But the main reason for the unprecedented demolition of US crude prices hinges on a technicality. The Brent NYMEX contract is settled in cash. WTI contracts, however, are settled physically; those holding the contract must therefore take physical delivery at expiry. That expiry date for May contracts is April 21. The dive into deep red territory came because of extreme selling pressure to avoid have to physically receive the oil, especially with nowhere onshore to store it. News that large cargoes of Saudi crude were heading to the US Gulf made matters worse. However, further WTI futures contracts for June and beyond, are still trading at a far more normal range of US$20-30/b; there is still enough time for demand to recover (or for more storage to be found) for these contracts. But for the May contract? It is a bloodbath.
The situation certainly isn’t as dire as it seems, though the headlines might seem apocalyptic. This knee-jerk reaction will almost certainly sort itself out over the medium term. Already, the expiring May WTI contract recovered to -US$6/b in after-hours trading. WTI should return to a more normal range with the switchover to the June benchmark contract on Wednesday. Economic pressure will keep prices low, but not that low. At least not yet. But it will be a whole new galaxy of pain for the US oil industry, especially those that are completely reliant on shale and those that service them. The Saudi-Russia oil price war may have begun as a battle for market share, but might have inadvertently achieved a secondary objective, wiping out US shale production that was undermining supply control efforts. In just three months, the entire oil world has been turned upside down. In response, the industry is recalibrating. There will be some winners, and some losers. In these unprecedented times, expect unprecedented things.
WTI’s Great Fall:
-Traded prices on NYMEX, 20 April 2020
- 10am: US$11.28/b
- 2pm: US$4.88/b
- 2.30pm: -US$0.02/b
- 3pm: -US$.6.89/b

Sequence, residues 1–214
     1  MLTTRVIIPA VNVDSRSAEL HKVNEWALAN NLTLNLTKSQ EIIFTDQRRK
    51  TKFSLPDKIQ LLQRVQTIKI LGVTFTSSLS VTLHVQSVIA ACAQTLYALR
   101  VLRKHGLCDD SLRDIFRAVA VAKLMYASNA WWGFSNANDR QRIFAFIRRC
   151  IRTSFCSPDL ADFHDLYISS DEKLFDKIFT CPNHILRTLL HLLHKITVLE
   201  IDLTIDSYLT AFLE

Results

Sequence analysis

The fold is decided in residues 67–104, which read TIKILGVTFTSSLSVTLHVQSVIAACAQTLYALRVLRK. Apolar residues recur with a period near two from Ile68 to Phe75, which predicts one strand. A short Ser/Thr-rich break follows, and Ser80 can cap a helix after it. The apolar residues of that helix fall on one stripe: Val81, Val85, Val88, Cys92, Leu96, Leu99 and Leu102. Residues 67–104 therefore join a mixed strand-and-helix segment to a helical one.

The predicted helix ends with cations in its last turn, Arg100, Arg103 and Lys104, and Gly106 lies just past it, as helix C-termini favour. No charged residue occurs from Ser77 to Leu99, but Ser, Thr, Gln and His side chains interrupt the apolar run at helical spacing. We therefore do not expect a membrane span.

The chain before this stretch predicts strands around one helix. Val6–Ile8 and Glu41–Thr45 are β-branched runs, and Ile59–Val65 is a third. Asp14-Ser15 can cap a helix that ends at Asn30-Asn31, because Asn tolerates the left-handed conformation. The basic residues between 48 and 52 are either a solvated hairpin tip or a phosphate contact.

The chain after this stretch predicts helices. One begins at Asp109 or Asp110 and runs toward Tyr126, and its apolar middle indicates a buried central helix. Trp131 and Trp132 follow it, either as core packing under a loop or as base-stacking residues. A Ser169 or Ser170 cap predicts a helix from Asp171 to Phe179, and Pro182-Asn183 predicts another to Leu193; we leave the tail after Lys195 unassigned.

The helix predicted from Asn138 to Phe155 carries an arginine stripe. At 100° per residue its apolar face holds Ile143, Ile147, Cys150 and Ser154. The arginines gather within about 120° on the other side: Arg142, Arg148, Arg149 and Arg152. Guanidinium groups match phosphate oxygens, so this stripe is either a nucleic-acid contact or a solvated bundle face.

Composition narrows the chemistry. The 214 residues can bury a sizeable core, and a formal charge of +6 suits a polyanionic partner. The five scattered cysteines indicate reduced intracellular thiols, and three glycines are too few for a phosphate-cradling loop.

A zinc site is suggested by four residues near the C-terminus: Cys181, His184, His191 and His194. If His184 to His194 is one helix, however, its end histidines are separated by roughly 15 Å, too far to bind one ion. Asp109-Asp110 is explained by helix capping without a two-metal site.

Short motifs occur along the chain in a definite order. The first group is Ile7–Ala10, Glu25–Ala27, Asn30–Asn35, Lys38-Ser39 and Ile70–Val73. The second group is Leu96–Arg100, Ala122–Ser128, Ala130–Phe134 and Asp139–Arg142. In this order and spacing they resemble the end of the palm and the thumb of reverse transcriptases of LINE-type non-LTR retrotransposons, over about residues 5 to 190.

- 4pm: -US$37.63/b
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Source: U.S. Energy Information Administration, Short-Term Energy Outlook (STEO)
In its January 2020 Short-Term Energy Outlook (STEO), the U.S. Energy Information Administration (EIA) forecasts that annual U.S. crude oil production will average 11.1 million b/d in 2021, down 0.2 million b/d from 2020 as result of a decline in drilling activity related to low oil prices. A production decline in 2021 would mark the second consecutive year of production declines. Responses to the COVID-19 pandemic led to supply and demand disruptions. EIA expects crude oil production to increase in 2022 by 0.4 million b/d because of increased drilling as prices remain at or near $50 per barrel (b).
The United States set annual natural gas production records in 2018 and 2019, largely because of increased drilling in shale and tight oil formations. The increase in production led to higher volumes of natural gas in storage and a decrease in natural gas prices. In 2020, marketed natural gas production fell by 2% from 2019 levels amid responses to COVID-19. EIA estimates that annual U.S. marketed natural gas production will decline another 2% to average 95.9 billion cubic feet per day (Bcf/d) in 2021. The fall in production will reverse in 2022, when EIA estimates that natural gas production will rise by 2% to 97.6 Bcf/d.